Distinguished Duo Leads City Group

Recent news of legendary civil rights figure, Johnnie Carr, and retired Air Force general, Charles ‘Chick’ Cleveland taking leadership of One Montgomery, Inc. inspires reflection on the lives of these two very special people. Both, Mrs. Carr and Gen. Cleveland, are well known to many readers of this column. The fact that they were chosen as co-chairs of One Montgomery is no surprise to those of us who know them.

For the readers who may not be familiar, One Montgomery is an organization spawned in racial conflict a decade ago. The organization’s mission statement: “One Montgomery is a widely diverse group of citizens whose purpose is to promote understanding and engender trust between people of different races in the community, through continuing discussion, education, social interaction, and enhanced personal relationships,” guides member activities. One Montgomery meets each Tuesday at 7:00 a.m. in the executive dining room of Jackson Hospital. These breakfast meetings are open to all.

Mrs. Carr, now in her eighth decade, maintains a full schedule of local and national meetings. She speaks at universities, churches and conventions throughout the region. Several months ago Mrs. Carr and her long time friend, Virginia Durr, another civil rights legend, traveled to the University of Virginia to participate in a seminar on civil rights history. Just a few weeks ago, she was at the Baptist Convention in New Orleans when President Clinton addressed delegates.

Johnnie Carr has played a key role in Montgomery’s civil rights history. She is a charter member of the Montgomery Improvement Association (MIA). MIA was established in December 1955 in response to Rosa Parks’ arrest for refusing to surrender her seat on a Montgomery bus to a white man. Rev. Martin Luther King, Jr. was its first president; Mrs. Carr is its current president. In April 1964, her son, Arlam Carr, Jr., represented by Fred Gray, Solomon Seay, Jr., and Charles Langford, became the primary litigant in the law suit to desegregate Montgomery public schools.

As president of MIA Mrs. Carr recently created a steering committee to work with the Alabama Historical Commission to establish a Civil Rights Museum at the Montgomery Greyhound Bus Station.

When she and Mr. Arlam Carr, Sr., her husband of 52 years, are not traveling, you will find her each Tuesday morning in the executive dining room of Jackson Hospital at the One Montgomery breakfast. She has been a member of One Montgomery for many years.

Gen. Cleveland…friends call him ‘Chick,’ a nickname rooted in the Civil War battle at Chickamauga…at first glance may seem an unlikely One Montgomery co-chair. He could spend his time at the country club. However, this man, who in the early eighties commanded the Air University at Maxwell Air Force Base, is not ready for a final approach to the tennis court. He retired and served as head of the Montgomery Area United Way. He resigned that position to serve in former Governor Guy Hunt’s cabinet as Commissioner of the Department of Human Resources. He also sits on the board of directors of a number of community organizations.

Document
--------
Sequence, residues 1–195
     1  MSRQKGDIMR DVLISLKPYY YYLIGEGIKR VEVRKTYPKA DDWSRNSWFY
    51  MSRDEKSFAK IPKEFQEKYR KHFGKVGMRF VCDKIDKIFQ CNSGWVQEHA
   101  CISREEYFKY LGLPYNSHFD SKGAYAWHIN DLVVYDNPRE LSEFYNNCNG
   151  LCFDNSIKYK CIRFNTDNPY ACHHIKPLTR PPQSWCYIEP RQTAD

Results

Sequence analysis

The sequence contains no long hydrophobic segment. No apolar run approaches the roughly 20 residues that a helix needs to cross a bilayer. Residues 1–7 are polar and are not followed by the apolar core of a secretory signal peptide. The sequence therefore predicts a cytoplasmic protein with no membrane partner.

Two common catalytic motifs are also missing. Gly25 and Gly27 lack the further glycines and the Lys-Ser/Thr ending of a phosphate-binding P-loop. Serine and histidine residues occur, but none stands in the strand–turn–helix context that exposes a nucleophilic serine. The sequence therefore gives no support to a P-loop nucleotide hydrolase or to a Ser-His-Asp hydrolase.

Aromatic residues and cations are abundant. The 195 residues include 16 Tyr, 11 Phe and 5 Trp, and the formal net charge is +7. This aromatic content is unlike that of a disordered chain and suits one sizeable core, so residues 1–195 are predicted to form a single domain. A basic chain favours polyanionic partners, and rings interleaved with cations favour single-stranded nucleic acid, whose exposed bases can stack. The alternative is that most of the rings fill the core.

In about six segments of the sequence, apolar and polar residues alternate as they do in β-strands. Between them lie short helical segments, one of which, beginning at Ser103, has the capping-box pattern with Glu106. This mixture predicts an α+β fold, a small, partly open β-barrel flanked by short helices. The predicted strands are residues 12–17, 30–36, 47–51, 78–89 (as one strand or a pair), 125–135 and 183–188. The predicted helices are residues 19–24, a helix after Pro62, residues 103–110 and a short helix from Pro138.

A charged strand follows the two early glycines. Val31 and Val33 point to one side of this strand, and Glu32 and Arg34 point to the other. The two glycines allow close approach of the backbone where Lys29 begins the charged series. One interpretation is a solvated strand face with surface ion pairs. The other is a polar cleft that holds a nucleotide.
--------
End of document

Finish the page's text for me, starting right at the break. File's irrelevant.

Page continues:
In order to fully know Gen. Cleveland, one needs to know that his father, an infantry lieutenant, died while serving on active duty, leaving two young sons. His mother raised him and his brother in a single parent home near their grandfather’s New York farm. At a time when seventy five percent of the cadets attending West Point went there on congressional appointments, he credits his mother with the determination that got him and his brother appointments to the academy.

With character shaped and tempered in the kiln of his experience growing up poor in a single parent home, Chick Cleveland sculpted a life full of the right stuff. His 35 year military career includes service in England, where he served under the command of renowned Tuskegee Airman, Gen. Chappie James. Gen. Cleveland flew numerous combat missions in Korea where he shot down four enemy aircraft. He again experienced combat in South Vietnam while serving as executive assistant to Gen. William Westmoreland.

He retired from the United States Air Force with the rank of lieutenant general. At his retirement, he had logged more than 4,200 hours of flying time. He and Francis, his wife, have four children and 10 grandchildren.

Having been a member of One Montgomery since the early eighties, Gen. Cleveland knows Mrs. Carr well. These two individuals share one of those “enhanced personal relationships” referred to in One Montgomery’s mission statement. Each brings to this position a lifetime…together nearly 100 years of…commitment and work at creating harmony among people of different races. The Montgomery community is sure to benefit from their tenure.

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Originally Published: 4 October 1994, Montgomery Advertiser
© Copyright – 1994 – Major W. Cox and Montgomery Advertiser.

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